Recently, the European Society of Cardiology endorsed a document suggesting new cutoff values for cardiac troponin levels for the diagnosis of PMI after CABG and proposed a treatment strategy for its treatment.

This document recognized the clinical importance of PMI in these patients, however it unclear whether postoperative control angiography and, when needed, prompt repeat revascularization is beneficial in these patients. Researchers sought to investigate this issues by pooling the available data from the literature on the outcome of patients with PMI after CABG.

Perioperative myocardial ischemia (PMI) in patients undergoing coronary artery bypass grafting (CABG) is associated with poor outcome. The aim of this study was to pool the available data on the outcome after control angiography and repeat revascularization in patients with perioperative myocardial ischemia (PMI) after coronary artery bypass grafting (CABG).

A literature review was performed through PubMed, Scopus, ScienceDirect and Google Scholar to identify studies published since 1990 evaluating the outcome of PMI after CABG.

Nine studies included 1104 patients with PMI after CABG and 1056 of them underwent control angiography early after CABG. Pooled early mortality after reoperation for PMI without control angiography was 43.6% (95%CI 29.7-57.6%) and 79.8% of them (95%CI 64.4-95.2%) had an acute graft failure detected at reoperation.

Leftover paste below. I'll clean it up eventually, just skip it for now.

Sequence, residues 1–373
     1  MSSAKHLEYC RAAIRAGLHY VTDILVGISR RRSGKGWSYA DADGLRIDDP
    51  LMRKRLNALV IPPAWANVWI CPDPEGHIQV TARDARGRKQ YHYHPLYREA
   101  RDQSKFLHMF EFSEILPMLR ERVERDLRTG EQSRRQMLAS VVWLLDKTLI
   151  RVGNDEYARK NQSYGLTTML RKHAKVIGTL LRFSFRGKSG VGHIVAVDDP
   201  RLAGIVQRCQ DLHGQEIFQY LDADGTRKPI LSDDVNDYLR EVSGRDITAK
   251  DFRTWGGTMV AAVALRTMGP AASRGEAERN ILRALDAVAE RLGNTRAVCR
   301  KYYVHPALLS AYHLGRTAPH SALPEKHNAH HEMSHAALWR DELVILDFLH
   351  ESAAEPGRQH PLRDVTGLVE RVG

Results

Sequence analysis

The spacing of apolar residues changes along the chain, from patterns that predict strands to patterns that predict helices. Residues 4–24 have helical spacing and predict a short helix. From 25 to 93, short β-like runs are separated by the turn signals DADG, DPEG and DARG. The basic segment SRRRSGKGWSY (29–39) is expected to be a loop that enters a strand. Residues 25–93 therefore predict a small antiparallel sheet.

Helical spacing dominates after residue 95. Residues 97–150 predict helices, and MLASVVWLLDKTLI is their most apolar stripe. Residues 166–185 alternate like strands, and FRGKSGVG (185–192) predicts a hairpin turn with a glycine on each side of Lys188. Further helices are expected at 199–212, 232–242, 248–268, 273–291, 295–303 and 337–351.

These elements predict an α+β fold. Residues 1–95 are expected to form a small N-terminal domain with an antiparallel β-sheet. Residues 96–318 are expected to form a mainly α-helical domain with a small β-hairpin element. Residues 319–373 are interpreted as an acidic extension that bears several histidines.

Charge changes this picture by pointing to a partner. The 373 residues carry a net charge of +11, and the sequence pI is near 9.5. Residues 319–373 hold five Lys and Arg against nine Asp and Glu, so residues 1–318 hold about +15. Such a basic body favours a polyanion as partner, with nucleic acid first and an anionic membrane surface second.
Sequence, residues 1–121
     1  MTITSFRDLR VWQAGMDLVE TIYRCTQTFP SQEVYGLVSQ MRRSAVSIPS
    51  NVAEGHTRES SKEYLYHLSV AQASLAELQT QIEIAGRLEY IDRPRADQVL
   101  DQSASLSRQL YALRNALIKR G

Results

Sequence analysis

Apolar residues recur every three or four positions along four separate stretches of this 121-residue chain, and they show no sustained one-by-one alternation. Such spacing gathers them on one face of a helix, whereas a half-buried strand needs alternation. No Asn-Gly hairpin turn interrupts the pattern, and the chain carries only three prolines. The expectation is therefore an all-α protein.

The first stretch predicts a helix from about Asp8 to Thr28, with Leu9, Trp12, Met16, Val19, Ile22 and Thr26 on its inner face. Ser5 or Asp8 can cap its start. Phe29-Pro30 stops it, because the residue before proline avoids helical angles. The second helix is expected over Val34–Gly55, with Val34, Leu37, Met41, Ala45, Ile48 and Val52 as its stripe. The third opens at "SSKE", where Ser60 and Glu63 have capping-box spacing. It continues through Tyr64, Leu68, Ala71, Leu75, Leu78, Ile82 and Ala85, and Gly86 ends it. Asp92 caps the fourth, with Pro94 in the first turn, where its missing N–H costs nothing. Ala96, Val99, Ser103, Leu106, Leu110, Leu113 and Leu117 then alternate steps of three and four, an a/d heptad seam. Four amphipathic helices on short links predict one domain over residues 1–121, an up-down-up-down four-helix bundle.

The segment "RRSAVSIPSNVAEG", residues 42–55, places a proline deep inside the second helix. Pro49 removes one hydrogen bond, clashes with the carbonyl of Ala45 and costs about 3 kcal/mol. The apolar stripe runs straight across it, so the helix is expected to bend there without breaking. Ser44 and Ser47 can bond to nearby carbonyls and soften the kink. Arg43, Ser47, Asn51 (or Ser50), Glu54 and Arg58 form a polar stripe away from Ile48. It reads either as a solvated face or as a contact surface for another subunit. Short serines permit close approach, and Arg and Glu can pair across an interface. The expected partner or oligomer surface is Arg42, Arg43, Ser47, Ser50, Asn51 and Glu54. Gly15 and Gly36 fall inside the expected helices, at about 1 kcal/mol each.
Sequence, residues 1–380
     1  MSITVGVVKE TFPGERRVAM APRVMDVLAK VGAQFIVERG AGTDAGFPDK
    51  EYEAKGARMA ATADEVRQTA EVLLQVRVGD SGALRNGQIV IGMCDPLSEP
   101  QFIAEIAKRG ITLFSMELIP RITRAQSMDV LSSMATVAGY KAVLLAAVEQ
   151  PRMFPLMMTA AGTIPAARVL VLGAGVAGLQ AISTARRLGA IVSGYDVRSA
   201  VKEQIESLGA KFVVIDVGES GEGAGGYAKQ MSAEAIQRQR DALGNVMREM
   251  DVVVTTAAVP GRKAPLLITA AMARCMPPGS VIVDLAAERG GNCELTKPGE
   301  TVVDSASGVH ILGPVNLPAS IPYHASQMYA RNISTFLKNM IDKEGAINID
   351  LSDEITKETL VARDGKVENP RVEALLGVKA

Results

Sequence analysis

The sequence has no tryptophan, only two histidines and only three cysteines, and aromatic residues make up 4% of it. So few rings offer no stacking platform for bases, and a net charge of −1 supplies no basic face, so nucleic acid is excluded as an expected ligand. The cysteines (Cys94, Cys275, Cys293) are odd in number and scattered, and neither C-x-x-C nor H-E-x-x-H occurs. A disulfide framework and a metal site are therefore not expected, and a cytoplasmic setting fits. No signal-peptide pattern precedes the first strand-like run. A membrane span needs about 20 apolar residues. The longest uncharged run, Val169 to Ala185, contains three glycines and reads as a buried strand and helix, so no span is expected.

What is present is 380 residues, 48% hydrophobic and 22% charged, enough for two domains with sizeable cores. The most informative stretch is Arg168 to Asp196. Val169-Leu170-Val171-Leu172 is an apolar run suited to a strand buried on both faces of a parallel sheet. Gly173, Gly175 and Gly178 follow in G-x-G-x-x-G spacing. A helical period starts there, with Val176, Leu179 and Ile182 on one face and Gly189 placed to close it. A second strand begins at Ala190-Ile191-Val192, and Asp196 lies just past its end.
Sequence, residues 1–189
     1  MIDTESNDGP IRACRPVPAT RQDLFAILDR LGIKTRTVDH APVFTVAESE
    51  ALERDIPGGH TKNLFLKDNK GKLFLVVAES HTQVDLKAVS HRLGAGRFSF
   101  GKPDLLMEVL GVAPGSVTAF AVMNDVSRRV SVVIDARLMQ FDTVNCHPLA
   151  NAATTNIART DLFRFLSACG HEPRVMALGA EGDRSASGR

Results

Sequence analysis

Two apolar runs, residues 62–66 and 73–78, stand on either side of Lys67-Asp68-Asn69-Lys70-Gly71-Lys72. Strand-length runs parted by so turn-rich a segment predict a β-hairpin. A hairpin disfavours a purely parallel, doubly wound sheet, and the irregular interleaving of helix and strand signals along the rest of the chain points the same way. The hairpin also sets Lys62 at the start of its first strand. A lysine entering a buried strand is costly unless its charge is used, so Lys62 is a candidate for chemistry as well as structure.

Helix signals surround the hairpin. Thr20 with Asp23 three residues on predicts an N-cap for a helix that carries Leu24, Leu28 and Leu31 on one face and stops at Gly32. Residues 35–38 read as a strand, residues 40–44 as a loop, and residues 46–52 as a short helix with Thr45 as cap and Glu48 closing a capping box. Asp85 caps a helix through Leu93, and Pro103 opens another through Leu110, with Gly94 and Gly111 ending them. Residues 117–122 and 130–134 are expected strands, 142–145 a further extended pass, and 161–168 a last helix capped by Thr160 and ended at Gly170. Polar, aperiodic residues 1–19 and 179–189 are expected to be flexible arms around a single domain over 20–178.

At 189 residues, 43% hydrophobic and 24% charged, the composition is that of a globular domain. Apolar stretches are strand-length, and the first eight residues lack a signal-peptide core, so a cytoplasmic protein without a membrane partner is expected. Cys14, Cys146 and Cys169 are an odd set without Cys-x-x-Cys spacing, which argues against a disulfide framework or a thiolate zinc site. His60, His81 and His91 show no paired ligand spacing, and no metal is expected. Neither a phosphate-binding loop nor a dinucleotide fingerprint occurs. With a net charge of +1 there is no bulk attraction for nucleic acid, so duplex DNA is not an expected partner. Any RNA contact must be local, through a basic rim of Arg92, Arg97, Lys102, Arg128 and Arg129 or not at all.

Among patients who underwent control angiography for PMI, 31.7% had a negative finding at angiography (95%CI 25.6-37.8%) and 62.1% had an acute graft failure (95%CI 56.6-67.6%).

Repeat revascularization was performed after early control angiography in 46.3% of patients (95%CI 39.9-52.6%; 54.2% underwent repeat surgical revascularization; 45.8% underwent percutaneous coronary intervention).

Pooled early mortality after control angiography with or without repeat revascularization was 8.9% (95%CI 6.7-11.1%). Three studies reported on early mortality rates which did not differ between repeat surgical revascularization and PCI (11.7% vs. 9.2%, respectively; risk ratio 1.45, 95%CI 0.67-3.11). In these three series, early mortality after conservative treatment was 5.9% (95%CI 3.6-8.2%).

Control angiography seems to be a valid life-saving strategy to guide repeat revascularization in hemodynamically stable patients suffering PMI after CABG.